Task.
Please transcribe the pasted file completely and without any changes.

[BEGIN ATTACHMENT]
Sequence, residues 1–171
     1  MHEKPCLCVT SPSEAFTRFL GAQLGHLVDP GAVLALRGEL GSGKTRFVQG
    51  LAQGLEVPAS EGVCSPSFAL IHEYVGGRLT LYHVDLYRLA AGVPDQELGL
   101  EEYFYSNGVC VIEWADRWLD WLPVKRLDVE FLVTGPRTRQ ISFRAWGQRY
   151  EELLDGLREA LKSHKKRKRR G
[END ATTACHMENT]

Sequence, residues 1–171
     1  MHEKPCLCVT SPSEAFTRFL GAQLGHLVDP GAVLALRGEL GSGKTRFVQG
    51  LAQGLEVPAS EGVCSPSFAL IHEYVGGRLT LYHVDLYRLA AGVPDQELGL
   101  EEYFYSNGVC VIEWADRWLD WLPVKRLDVE FLVTGPRTRQ ISFRAWGQRY
   151  EELLDGLREA LKSHKKRKRR G